• TG1a: crop
      • TG1b: same species as crop
      • TG2: same series or section as crop
      • TG3: same subgenus as crop
      • TG4: same genus.
    • For crop genera that have not been classified using the Gene Pool concept and not sub-classified into sections and subgenera, the available information on genetic and/or taxonomic distance must be analysed to make reasoned assumptions about the most closely related taxa.
    • Whichever system is used, ensure that references are provided to substantiate the assumptions made about taxon relatedness.
  2. Select the taxa from the categorized list that occur within the geographical area of the CWR conservation strategy by matching against the geographically defined list of taxa created under Step 1.  You will now have two tables, both categorized according to their degree of relationship to the crop—one showing all taxa in the crop genus, the other showing the taxa that occur within the geographical area defined by the CWR conservation strategy.
  3. In both tables, flag the taxa that have been identified as gene donors or potential gene donors. To achieve this, consult online information sources, such as GRIN Taxonomy and/or carry out literature searches using online library databases. Specialist libraries can also be consulted, such as those housed in gene banks, botanic gardens and other research institutes.  Consult the data sources page for further information.  Provide references for any taxa flagged as gene donors or potential gene donors in the table.  These may be in the tertiary list, as well and the primary and secondary lists. 
  4. Make a separate list of the primary and secondary wild relatives and any tertiary wild relatives that have been identified as gene donors or potential gene donors from the list of taxa within the geographical area defined by the CWR conservation strategy.  This list (level 1 priority list) now forms the basis for the second level of prioritization under Step 2b.

Step 2 actions – b) create a level 2 prioritized taxon list

At this stage, the aim is to prioritize the level 1 priority taxon list on the basis of threat status.  However, as already noted, this level of prioritization can be applied to all taxa listed under Step 1, followed by prioritization on the basis of actual or potential value for crop improvement, depending on the size of the gene pool and on the availability of distribution and/or threat data.  Therefore, it is also possible to carry out the prioritization process in reverse order (i.e., by carrying out Step 2b followed by Step 2a).

There are two steps to this selection process.

  1. Select the taxa in the level 1 priority list (or Step 1 list) that are known to be under threat.  Where existing evidence is available to show that a taxon in the list is under threat, these taxa should automatically be prioritized for conservation action.  To find out whether a taxon is known to be under threat:
    • Search the IUCN Red List of Threatened Species to find out if any of the taxa are listed.
    • Where possible, consult national or regional Red Lists to see whether a taxon in the list is considered threatened at national or regional level. 
    • If a taxon is not included in the IUCN Red List, or in a regional or national Red List (i.e., it has not been formally assessed using a set of Red List criteria), it does not mean that it is not threatened.  A literature search may reveal important information about the threat status of a taxon.  To achieve this, carry out literature searches using online library databases.  Specialist libraries can also be consulted, such as those housed in gene banks, botanic gardens and other research institutes. 
    • Consult the data sources page for further information and advice on how to carry out these searches.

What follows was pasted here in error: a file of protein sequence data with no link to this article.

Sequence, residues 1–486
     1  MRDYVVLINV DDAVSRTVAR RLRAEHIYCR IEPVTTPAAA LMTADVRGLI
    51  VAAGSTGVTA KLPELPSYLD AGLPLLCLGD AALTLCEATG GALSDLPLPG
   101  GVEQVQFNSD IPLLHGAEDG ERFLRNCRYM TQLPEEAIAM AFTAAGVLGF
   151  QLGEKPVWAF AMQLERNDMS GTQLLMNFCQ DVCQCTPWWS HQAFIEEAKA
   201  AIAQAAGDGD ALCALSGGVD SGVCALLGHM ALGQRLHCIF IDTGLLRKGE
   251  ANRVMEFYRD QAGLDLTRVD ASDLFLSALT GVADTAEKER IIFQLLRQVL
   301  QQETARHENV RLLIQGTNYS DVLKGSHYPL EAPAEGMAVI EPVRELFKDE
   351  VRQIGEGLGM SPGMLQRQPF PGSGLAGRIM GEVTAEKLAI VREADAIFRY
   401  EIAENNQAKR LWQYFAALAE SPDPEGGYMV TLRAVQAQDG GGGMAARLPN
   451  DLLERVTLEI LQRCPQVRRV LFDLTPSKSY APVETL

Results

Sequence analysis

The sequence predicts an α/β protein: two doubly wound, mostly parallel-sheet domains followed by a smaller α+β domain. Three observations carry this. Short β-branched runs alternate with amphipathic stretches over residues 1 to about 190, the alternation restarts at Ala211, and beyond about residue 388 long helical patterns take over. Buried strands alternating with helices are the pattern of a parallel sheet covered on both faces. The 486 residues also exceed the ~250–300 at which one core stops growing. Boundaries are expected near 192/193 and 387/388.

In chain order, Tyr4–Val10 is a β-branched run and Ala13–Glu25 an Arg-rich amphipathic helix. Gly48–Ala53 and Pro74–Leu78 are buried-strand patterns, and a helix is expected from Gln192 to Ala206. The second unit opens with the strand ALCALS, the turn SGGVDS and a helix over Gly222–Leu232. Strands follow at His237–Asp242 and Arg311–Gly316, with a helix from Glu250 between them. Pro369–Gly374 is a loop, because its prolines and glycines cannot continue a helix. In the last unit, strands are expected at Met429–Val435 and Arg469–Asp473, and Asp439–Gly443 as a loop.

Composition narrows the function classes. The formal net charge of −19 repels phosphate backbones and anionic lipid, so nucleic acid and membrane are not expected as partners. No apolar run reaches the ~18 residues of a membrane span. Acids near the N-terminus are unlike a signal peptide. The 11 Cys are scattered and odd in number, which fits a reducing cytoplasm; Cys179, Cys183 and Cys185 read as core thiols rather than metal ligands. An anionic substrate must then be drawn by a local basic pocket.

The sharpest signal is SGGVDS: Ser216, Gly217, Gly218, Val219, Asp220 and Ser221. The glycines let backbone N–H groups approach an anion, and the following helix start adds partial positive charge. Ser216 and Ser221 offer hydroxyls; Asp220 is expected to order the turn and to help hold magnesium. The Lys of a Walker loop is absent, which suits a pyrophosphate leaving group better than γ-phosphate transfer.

2. Select the taxa in the level 1 priority list (or Step 1 list) that are not known to be under immediate threat, but are known to have limited distribution ranges.  At this stage, a degree of objectivity is required, since there is no clear dividing line between a taxon with a limited distribution range and one with a distribution range that is deemed to enable ‘classification’ of the taxon as one not in immediate need of conservation action, unless very detailed information is already available about the taxa.  However, where the range of a taxon is known, the methodology proposed by Ford-Lloyd et al., (2008a,b) can be used as a guide when establishing taxon conservation priorities at regional level (e.g., across Europe).  Generally speaking, if a taxon is recorded as occurring in several countries or subnational units throughout the region, it is less likely to be under threat.  Taxa that are known to be endemic to a country or subnational unit or those that occur in only a few countries or subnational units are more likely to be under threat at regional level.  Similarly, at national or subnational level, available information must be gathered on the range of the taxa in order to establish which are most likely to be threatened by their limited distribution range.

To find the distribution range of the taxa:

  • At European level, the Crop Wild Relative Catalogue for Europe and the Mediterranean (Kell et al., 2005)—which can be accessed via the Crop Wild Relative Information System (CWRIS)—provides a list of country or subnational occurrences for taxa throughout Europe.
  • At national or subnational level, a good starting point is GBIF, which provides known taxon occurrences through data provided by organizations managing biodiversity data around the world (e.g., ex situ germplasm collections and herbarium data).  For a finer level of detail, search available national databases and literature sources.  Taxon specialists, conservation agencies and protected area managers are further important sources of information.
  • Consult the data sources page for further information and advice on how to carry out these searches. 

After carrying out Step 2, you now have a reduced list of taxa that have been selected on the basis of their value as gene donors and relative threat.  This list of target taxa now forms the basis for immediate conservation planning for the crop gene pool.

Crop gene pool methodology introduction > Step 1 > Step 2 > Step 3 > Step 4